From Scandinavian Noir to The Smiths in 80 mins 

In November 2016, around the time he released his latest album, “Nos Da Comrade”, there was an article in The Guardian about Peter Bruntnell. It started thus: “If we lived in a just world, Peter Bruntnell would by now be in the middle of his third or fourth global arena tour, his biggest worry working out how to courier his latest armful of Grammy awards back to the UK so his butler could have them installed in the west wing of  [his – sic] mansion by the time he got home.”

The article also mentions his self-effacing nature and argues that if he was a bit more in your face – corporate if you will, more people would have heard of him.

The irony of this is that MV finds itself in the Kitchen Garden Café, not because we know all of Bruntnell’s albums, but rather we hadn’t got a gig to go to this week and happened across his music (and that article) while looking for one.

The man himself is just more surprised that anyone is here at all: “So you’re missing Safe House for this…?” is his opening gambit. And it turns out barely anyone in here knows what that is either. It’ s a Scandinavian drama for those that are interested. He’s got it on catch-up, so away we go.

And that Guardian Article, you know, it’s not wrong. There is a rare articulate quality about these songs. Songs like “Just One Drink” about an alcoholic friend of his, a simply lovely “Here Come The Swells?” and “Have You seen That Girl Again?” that absolutely do deserve to be on bigger stages than this – although oddly, perhaps wouldn’t work as well if they were.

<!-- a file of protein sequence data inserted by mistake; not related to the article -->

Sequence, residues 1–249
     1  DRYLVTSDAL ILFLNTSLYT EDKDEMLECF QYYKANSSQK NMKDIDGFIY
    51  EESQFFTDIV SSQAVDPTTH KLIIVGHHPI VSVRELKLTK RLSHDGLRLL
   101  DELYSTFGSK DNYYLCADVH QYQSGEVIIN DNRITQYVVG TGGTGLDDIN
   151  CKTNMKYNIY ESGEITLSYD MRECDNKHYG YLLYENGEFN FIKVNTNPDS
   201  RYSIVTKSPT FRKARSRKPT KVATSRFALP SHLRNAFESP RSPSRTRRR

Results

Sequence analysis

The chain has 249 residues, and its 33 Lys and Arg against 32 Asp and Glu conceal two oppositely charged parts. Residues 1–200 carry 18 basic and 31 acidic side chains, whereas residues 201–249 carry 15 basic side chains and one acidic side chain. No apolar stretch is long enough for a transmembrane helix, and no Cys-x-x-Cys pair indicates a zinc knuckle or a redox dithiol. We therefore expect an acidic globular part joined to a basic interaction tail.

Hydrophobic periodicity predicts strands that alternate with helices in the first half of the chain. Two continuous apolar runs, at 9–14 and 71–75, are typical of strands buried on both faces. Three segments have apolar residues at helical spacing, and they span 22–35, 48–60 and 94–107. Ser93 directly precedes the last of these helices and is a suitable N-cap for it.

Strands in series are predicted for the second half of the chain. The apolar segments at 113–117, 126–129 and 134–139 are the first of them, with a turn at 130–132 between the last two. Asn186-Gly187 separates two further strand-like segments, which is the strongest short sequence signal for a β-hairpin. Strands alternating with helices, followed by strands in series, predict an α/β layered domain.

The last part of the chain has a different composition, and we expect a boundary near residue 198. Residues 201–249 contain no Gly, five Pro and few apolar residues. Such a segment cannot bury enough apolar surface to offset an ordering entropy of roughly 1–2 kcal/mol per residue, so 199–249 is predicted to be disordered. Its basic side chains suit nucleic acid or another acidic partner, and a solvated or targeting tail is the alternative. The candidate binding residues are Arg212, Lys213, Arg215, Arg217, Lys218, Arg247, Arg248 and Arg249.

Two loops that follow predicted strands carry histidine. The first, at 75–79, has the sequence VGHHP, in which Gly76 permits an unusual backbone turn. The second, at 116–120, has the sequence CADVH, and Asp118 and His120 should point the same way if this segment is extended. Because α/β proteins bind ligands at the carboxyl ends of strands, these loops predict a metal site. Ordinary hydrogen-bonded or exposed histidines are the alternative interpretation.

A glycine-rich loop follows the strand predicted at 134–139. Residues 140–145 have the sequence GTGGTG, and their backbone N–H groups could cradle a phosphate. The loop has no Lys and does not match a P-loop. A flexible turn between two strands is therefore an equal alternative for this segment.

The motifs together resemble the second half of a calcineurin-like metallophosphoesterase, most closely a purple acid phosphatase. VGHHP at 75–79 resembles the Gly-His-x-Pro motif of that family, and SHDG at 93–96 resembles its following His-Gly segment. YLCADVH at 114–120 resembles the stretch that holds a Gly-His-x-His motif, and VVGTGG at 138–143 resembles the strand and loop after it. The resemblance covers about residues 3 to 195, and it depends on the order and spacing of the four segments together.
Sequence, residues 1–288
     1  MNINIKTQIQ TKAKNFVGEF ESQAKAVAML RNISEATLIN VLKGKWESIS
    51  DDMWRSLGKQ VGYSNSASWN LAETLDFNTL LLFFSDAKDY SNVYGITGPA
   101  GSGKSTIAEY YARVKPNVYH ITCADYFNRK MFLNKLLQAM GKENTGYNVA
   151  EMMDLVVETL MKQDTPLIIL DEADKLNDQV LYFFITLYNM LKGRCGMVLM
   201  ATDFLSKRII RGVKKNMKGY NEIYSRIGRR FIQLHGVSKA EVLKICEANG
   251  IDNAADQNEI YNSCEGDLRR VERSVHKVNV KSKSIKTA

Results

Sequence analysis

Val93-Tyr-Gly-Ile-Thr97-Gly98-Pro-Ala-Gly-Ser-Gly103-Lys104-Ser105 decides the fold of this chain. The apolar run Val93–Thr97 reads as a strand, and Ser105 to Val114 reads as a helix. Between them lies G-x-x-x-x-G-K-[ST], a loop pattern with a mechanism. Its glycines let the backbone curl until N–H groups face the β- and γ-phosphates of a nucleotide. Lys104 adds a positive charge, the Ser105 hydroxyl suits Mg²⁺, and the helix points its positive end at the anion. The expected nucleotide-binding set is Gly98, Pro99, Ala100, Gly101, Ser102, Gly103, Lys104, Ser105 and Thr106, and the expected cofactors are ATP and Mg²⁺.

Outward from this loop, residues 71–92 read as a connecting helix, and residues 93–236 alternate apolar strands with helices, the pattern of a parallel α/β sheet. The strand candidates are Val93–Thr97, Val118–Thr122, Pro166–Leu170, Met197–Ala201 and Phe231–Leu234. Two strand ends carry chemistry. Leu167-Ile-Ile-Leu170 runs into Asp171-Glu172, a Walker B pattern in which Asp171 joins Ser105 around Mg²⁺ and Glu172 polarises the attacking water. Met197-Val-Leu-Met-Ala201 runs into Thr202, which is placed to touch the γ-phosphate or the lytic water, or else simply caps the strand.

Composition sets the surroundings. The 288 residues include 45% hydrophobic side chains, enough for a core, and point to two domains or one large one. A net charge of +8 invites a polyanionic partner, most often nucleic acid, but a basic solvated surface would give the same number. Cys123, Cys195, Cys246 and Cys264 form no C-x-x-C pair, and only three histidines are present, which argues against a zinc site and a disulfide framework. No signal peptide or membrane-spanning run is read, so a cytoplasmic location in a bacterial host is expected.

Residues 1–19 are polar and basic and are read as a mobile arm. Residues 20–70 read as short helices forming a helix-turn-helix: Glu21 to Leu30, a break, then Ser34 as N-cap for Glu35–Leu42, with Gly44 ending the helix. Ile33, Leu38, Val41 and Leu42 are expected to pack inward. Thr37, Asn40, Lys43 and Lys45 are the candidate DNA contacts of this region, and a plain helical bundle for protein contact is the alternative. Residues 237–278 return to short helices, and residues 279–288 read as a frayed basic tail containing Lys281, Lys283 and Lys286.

Because part of Bruntnell’s charm is that he is able to ask for requests. He does this on a number of occasions, with “Caroline” and “Close Of Winter” coming in the first bunch and “Jurassic Parking Lot” and “Sea Of Japan” coming in the second, and it is in “…Lot” where there is a real glimpse of the skill at work here. A song about town planning in Vancouver shouldn’t be good. This one most certainly is.

The new song he plays, “National Library” (“this one is for the Conservatives” is all he says on it), is excellent too and “Cold Water Swimmer” is darkly superb, a sort of British take on Americana if you will.

Bruntnell doesn’t look to be the type to enjoy encores, nonetheless there is one – after a fashion – “I’ll play you a couple more, but do you mind if I go to the toilet first?” isn’t something that gets said at a lot of gigs, but it is here, before “Long Way From Home” and The Smiths’ “Reel Around The Fountain” draw things to a close.

He’d noted earlier that “I’ll play a few more, one bloke and an acoustic can get a bit dull, can’t it?” And whilst he’s right, it’s never dull when it’s done well. Or when it’s done like this. Which you suspect that somewhere – deep down – Peter Bruntnell knows. He’s merely too modest to say it himself.